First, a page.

0
We're unable to sign you in at this time. Please try again in a few minutes.
Retry
We were able to sign you in, but your subscription(s) could not be found. Please try again in a few minutes.
Retry
There may be a problem with your account. Please contact the AMA Service Center to resolve this issue.
Contact the AMA Service Center:
Telephone: 1 (800) 262-2350 or 1 (312) 670-7827  *   Email: subscriptions@jamanetwork.com
Error Message ......
Article |

Violent Crime in the United States:  An Epidemiologic Profile

Laura Rachuba, MA; Bonita Stanton, MD; Donna Howard, DrPH
Arch Pediatr Adolesc Med. 1995;149(9):953-960. doi:10.1001/archpedi.1995.02170220019002.
Text Size: A A A
Published online

Objectives:  To determine if (1) there was an increase in the rates of acts of violence in the United States from 1973 to 1992 and (2) there were disproportionate changes in rates of violent crime among specific demographic groups.

Methods:  Crime data from the Uniform Crime Reporting Program and the National Crime Victimization Survey beginning in January 1973 and ending in December 1992 were examined. Homicide data from 1970 to 1991 were examined with the National Center for Health Statistics mortality data from the Centers for Disease Control and Prevention. Analyses were performed for overall crime rates as well as for specific demographic groups.

Results:  Rates of victimization from all types of violent crime have increased among adolescents and young adults (from ages 10 through 25 years), regardless of gender or race. Absolute rates were highest among African Americans and males. Both the highest rates and the greatest increases in homicide from 1971 to 1990 were among adolescents and young adults, while rates for those aged 25 years and older decreased. A substantial increase in firearm-related homicides among adolescents and young adults occurred as well, with rates decreasing for those aged 25 years and older. Overall rates of homicide have remained relatively constant during the past two decades. Data addressing overall trends in the rates of nonfatal violence during the past 20 years are inconclusive.

Conclusions:  Adolescents are now experiencing the highest and most rapidly increasing rates of lethal and nonlethal violence. The increase in violence among youths 10 to 14 years of age is especially important and alarming. The concentration of violence among children and adolescents has important intervention implications. Because adolescence is a time of great developmental changes, approaches to understanding and preventing violence among our nation's youths should incorporate a developmental perspective that also focuses on the relationship and interactions between individuals and their environments, at the family, community, and societal levels.(Arch Pediatr Adolesc Med. 1995;149:953-960)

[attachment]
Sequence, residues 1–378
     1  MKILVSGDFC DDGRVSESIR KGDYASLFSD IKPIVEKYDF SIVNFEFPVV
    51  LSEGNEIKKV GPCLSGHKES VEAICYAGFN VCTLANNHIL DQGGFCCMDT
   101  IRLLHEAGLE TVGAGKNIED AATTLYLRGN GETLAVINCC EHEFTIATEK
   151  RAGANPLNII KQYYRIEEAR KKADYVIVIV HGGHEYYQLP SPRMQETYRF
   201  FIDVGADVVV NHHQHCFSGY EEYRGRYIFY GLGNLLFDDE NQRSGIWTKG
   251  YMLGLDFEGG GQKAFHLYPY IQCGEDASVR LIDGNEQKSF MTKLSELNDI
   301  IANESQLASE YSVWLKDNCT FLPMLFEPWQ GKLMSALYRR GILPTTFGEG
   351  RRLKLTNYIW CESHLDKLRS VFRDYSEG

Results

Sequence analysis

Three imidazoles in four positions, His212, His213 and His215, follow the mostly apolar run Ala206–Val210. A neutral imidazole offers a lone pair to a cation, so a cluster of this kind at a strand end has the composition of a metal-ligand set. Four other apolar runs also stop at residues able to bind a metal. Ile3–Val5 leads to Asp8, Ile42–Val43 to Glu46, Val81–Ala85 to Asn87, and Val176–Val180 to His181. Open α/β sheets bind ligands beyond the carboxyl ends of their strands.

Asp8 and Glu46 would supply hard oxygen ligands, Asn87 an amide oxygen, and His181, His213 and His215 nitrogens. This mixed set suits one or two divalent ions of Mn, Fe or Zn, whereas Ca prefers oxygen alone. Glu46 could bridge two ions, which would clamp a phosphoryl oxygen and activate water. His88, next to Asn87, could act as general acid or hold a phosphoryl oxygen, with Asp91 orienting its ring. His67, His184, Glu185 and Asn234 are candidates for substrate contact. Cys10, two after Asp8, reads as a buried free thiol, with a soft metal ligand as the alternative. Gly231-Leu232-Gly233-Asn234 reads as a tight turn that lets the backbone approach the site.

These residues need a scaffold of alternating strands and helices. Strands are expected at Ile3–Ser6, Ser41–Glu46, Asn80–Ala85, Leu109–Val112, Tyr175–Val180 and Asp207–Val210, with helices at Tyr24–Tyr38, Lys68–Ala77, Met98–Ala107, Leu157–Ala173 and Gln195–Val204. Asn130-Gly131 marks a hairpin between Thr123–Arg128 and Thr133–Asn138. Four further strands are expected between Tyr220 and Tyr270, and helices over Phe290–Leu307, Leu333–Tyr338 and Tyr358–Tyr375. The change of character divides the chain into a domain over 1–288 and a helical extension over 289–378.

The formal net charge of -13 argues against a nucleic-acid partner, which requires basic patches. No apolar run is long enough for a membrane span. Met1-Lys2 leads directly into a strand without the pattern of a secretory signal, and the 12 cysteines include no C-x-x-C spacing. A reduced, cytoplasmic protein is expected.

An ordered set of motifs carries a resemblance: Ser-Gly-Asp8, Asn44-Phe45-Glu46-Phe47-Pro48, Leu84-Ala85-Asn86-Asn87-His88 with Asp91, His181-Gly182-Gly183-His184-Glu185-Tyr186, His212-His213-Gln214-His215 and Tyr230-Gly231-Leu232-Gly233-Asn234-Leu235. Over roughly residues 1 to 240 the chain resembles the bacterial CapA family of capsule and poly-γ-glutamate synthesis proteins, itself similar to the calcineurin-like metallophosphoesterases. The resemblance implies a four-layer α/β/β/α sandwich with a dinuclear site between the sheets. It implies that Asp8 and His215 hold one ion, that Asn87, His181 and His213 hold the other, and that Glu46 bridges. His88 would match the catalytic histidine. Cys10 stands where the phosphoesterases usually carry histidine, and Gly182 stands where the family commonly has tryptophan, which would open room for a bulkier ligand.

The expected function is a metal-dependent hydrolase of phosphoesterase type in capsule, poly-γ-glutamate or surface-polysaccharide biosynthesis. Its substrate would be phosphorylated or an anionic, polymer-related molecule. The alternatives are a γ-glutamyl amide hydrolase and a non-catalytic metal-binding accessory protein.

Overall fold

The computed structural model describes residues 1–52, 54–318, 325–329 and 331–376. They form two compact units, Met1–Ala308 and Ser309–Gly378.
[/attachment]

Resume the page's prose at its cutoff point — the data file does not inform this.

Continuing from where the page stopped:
Topics

Sign in

Purchase Options

• Buy this article
• Subscribe to the journal

Figures

Tables

References

Correspondence

CME
Also Meets CME requirements for:
Browse CME for all U.S. States
Accreditation Information
The American Medical Association is accredited by the Accreditation Council for Continuing Medical Education to provide continuing medical education for physicians. The AMA designates this journal-based CME activity for a maximum of 1 AMA PRA Category 1 CreditTM per course. Physicians should claim only the credit commensurate with the extent of their participation in the activity. Physicians who complete the CME course and score at least 80% correct on the quiz are eligible for AMA PRA Category 1 CreditTM.
Note: You must get at least of the answers correct to pass this quiz.
Please click the checkbox indicating that you have read the full article in order to submit your answers.
Your answers have been saved for later.
You have not filled in all the answers to complete this quiz
The following questions were not answered:
Sorry, you have unsuccessfully completed this CME quiz with a score of
The following questions were not answered correctly:
Commitment to Change (optional):
Indicate what change(s) you will implement in your practice, if any, based on this CME course.
Your quiz results:
The filled radio buttons indicate your responses. The preferred responses are highlighted
For CME Course: A Proposed Model for Initial Assessment and Management of Acute Heart Failure Syndromes
Indicate what changes(s) you will implement in your practice, if any, based on this CME course.
Submit a Comment

Multimedia

Some tools below are only available to our subscribers or users with an online account.

Sign in

Purchase Options

• Buy this article
• Subscribe to the journal

Related Content

Customize your page view by dragging & repositioning the boxes below.

Jobs
brightcove.createExperiences();